Wishful Thinking: Turning Your Ideas into Enhancement Requests

The holidays have gotten me thinking about wishes, and since this post is about technology, I thought I would share my thoughts on technology wishes, or as they are more commonly known, enhancement requests.  In previous posts I have recommended creating a wish list of features you would like your technology to have, and I’ve also advised you to have a good working relationship with your technology vendors.  Now I want to get into more detail about how this works from both your perspective and the vendors who work with you to make all your dreams come true.  (Sarcasm?  A little.)

Over the years, I have reviewed and processed many enhancement requests, so I’ve seen just about everything, although I do still get an occasional surprise.  Here’s what I have learned by making a list and checking it twice.  Actually, it’s many lists checked many times, but I’m still on the Christmas kick.  So, you have a brilliant idea that you think someone needs to hear.  There are several things you should do before communicating your idea.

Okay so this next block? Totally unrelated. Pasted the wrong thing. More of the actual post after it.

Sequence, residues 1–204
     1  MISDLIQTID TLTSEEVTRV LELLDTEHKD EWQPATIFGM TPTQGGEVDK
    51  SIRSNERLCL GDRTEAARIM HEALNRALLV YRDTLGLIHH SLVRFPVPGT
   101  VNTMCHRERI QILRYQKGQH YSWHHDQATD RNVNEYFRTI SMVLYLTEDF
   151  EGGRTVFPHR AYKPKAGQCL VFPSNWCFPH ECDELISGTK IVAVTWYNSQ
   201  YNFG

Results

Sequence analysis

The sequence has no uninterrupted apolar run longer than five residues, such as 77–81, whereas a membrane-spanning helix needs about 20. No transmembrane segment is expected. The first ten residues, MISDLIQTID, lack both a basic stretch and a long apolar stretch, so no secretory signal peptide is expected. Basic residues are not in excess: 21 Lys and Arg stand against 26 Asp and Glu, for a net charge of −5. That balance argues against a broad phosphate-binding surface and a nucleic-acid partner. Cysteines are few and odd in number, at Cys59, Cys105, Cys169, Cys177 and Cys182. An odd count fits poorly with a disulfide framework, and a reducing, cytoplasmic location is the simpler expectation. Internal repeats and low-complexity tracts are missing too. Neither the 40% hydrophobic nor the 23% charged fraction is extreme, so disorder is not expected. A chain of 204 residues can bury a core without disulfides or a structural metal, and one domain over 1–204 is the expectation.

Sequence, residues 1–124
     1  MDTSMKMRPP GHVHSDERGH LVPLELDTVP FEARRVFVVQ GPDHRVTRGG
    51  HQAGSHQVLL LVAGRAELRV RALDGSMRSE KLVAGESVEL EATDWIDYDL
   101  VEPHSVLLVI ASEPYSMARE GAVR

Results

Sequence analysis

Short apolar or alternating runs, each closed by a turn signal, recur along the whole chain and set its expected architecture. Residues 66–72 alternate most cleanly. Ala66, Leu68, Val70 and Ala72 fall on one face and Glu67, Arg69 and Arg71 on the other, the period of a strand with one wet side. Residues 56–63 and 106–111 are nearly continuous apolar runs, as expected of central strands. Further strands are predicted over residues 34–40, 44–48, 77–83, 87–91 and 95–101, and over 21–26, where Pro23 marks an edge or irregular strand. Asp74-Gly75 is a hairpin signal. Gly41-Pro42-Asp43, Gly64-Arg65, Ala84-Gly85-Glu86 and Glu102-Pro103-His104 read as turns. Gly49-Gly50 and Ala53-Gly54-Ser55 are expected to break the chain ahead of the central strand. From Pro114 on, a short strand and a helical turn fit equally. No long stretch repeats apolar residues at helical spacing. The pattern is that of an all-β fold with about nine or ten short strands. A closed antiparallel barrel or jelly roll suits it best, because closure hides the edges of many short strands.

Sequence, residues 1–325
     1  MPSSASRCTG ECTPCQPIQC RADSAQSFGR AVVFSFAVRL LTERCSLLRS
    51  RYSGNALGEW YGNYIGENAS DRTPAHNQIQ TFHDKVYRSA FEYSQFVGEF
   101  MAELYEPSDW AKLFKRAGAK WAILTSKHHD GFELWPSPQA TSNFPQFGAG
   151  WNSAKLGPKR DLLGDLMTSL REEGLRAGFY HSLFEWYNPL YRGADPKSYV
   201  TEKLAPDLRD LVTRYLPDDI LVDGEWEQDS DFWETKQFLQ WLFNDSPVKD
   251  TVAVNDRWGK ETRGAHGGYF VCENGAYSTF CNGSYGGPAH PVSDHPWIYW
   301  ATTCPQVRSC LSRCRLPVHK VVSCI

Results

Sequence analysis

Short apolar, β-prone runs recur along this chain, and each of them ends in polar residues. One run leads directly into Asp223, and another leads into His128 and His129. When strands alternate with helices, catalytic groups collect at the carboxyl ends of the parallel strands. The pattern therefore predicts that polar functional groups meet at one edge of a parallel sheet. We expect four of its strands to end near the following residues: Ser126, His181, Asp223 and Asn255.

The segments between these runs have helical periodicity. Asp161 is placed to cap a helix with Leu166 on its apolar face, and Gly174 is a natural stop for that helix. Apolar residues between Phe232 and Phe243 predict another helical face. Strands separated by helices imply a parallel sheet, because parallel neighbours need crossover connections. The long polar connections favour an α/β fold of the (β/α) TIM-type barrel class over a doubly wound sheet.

First, do some research and ask the experts who know your technology if your idea can already be accomplished in a way you may not have considered.  Software used to manage dictation, transcription, speech recognition, and so on, can have very complex configurations, and sometimes there are parameters and settings that you may not be using because you didn’t know you needed them previously.  Also, make sure you are taking advantage of every feature you need that is currently available, especially if the technology vendor has an upgrade that you haven’t applied yet.  It is common for upgrades to get applied over the years without revisiting the system’s configuration to see what’s new.  Often, upgrades can be like Christmas (there I go again), with new features of varying size and complexity.  Take advantage of those upgrades.

If you come up empty in your research, then look at your idea in the context of your organization’s workflow.  Think about how your idea could be used in a broader context than just your environment.  As an enhancement reviewer, I can tell you that technology companies are more likely to invest resources on ideas that have a far-reaching appeal than a one-off idea that would only benefit one client.  So if you really want it, think about how other organizations could use the same feature.  Better yet, call your connections in other organizations and get their feedback about your idea, especially if they use the same product that you want to enhance.  Two heads or more are definitely better than one when designing a solid, practical new feature.

Jill Devrick is a Product Solutions Advisor with 3M Health Information Systems.

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